230

Mode-locked lasers and frequency metrology

A larger fr has two advantages. First, since there are fewer teeth in the comb, each will have more power, improving the signal-to-noise of the various beat signals used in a frequency measurement. Second, ambiguities in the determination of the mode number, n, are eased when the repetition rate is very large. A 100 MHz fr pushes current digital frequency meters to their accuracy limit in obtaining the mode number. A breakthrough occurred when the microstructure ﬁber was developed and the comb was made to span more than an octave. Assuming that the ﬁber did not degrade the uniformity of the mode spacing, an absolute frequency measurement could be made by doubling the unknown frequency, f , and comparing f to 2f . In this case, f1 − f2 = f , providing the unknown frequency directly. This scheme is called a selfreferenced frequency measurement or a “ν-to-2ν measurement”. Diﬀerence frequency measurements and ν-to-2ν measurements solve the problem of the unknown fceo by measuring the diﬀerence between two frequencies, which cancels the inhomogeneous term, fceo . Another approach is to control fceo , usually forcing it be some ﬁxed frequency. The latter scheme will be discussed in the next section. The key to the microstructure ﬁber is its very small core diameter: as little as 1.7 μm, compared to the ≈ 5 μm diameter in a conventional single-mode ﬁber. This greatly increases the intensity of the guided wave and thereby enhances the nonlinearities which broaden the comb width by generating numerous intermodulation products of the comb frequencies. From ﬁber theory, a reduction in the core diameter necessitates an increase in the diﬀerence between the refractive indices of the core and the cladding (surrounding layer). The lowest cladding index is obtained when the cladding is air. The microstructure ﬁber surrounds the core by a number of hollow tubes, making the eﬀective cladding index close to unity (Fig. 10.16). In addition to a small core diameter for the highest nonlinearity, it is also necessary to have very small group velocity dispersion so that the pulse does not broaden and lose intensity as it travels down the ﬁber. By careful design, the microstructure ﬁber shown in the ﬁgure can possess both of these useful properties. Although the ability to obtain an octave spanning comb using a microstructure ﬁber is a remarkable achievement, it has some drawbacks. Because of the small core diameter and consequent high intensity of the guided light, optical damage is a problem with these ﬁbers and their lifetime can be as short as a few hours. There has been some success in spanning an octave directly with a properly designed Ti-sapphire laser, using the nonlinearity of the laser active medium. Finally, it should be pointed out that the deﬁnition of an octave span can be operationally relaxed quite a bit, since it is possible to obtain useful beats when the intensities of components at the edge of the gain curve are four orders of magnitude below the peak intensity. Thus, a comb whose full width at half maximum is well under an octave can still be considered to be “octave spanning” and used in the self-referenced frequency measurements described above.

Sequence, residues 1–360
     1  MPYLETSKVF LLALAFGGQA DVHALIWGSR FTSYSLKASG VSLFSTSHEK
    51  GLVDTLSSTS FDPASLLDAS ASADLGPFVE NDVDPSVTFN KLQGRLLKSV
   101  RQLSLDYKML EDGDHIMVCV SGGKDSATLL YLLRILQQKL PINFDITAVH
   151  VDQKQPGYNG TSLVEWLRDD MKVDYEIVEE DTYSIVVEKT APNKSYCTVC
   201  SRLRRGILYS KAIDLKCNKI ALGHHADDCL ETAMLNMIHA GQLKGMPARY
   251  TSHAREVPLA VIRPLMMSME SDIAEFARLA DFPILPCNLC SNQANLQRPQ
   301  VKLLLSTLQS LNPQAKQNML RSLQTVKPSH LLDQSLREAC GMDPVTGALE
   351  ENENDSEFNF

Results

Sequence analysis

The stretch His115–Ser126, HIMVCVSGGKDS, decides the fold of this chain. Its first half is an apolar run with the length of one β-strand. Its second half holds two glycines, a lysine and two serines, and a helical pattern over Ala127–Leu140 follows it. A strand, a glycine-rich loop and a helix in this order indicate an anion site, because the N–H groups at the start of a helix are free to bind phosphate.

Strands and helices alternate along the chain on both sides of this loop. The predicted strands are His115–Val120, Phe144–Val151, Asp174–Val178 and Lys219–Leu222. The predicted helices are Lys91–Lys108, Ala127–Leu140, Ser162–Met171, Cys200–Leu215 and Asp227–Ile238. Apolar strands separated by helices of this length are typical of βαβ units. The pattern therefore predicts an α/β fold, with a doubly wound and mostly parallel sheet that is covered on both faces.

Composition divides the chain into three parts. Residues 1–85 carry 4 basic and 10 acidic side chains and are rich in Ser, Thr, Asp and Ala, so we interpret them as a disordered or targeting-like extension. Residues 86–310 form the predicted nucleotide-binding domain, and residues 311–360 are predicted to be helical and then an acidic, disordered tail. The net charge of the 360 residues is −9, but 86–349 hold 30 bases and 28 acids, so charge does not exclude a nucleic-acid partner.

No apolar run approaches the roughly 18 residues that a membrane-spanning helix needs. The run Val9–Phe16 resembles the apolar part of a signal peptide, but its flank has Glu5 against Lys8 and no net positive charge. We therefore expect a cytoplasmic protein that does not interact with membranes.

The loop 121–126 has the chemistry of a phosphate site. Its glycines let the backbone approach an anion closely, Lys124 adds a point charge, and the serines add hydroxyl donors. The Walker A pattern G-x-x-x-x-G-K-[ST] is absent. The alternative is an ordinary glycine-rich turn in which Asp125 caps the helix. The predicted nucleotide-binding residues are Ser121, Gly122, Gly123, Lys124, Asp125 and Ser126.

10.7

The carrier envelope oﬀset

Most of the frequency measurement schemes which utilize femtosecond combs are dominated by the need to cope with the inhomogeneous oﬀset, fceo . In this section, we will discuss the origin of this quantity and a technique for controlling it.

The carrier envelope oﬀset

231

Air

Core

Fig. 10.16 Schematic cross section of the microstructure with very small core diameter and low group velocity dispersion due to air holes surrounding the core.

An explanation of the origin of the carrier envelope oﬀset will exploit the analogy with multiple slit interference which was used earlier in this chapter. The usual technique for analyzing multislit interference is to consider the accumulated phase difference of the ﬁeld between adjacent slits as the ﬁeld propagates to a screen where the interference pattern can be observed. Constructive interference occurs when the phase diﬀerence is an integral multiple of 2π. From this requirement, we obtain the possible values of the wave number, k (a spatial frequency), which give constructive interference. The treatment of the mode-locked laser is exactly the same, except that it is in the time domain rather than the spatial domain of multislit interference. Fig. 10.17 illustrates the concepts used in our treatment. In order to determine the frequencies which result in constructive interference, we determine the amount by which the phase has evolved between successive pulses and require that it be an integral multiple of 2π. In the absence of dispersion, constructive interference occurs when ωτ = 2πn =⇒ fn = nfr ,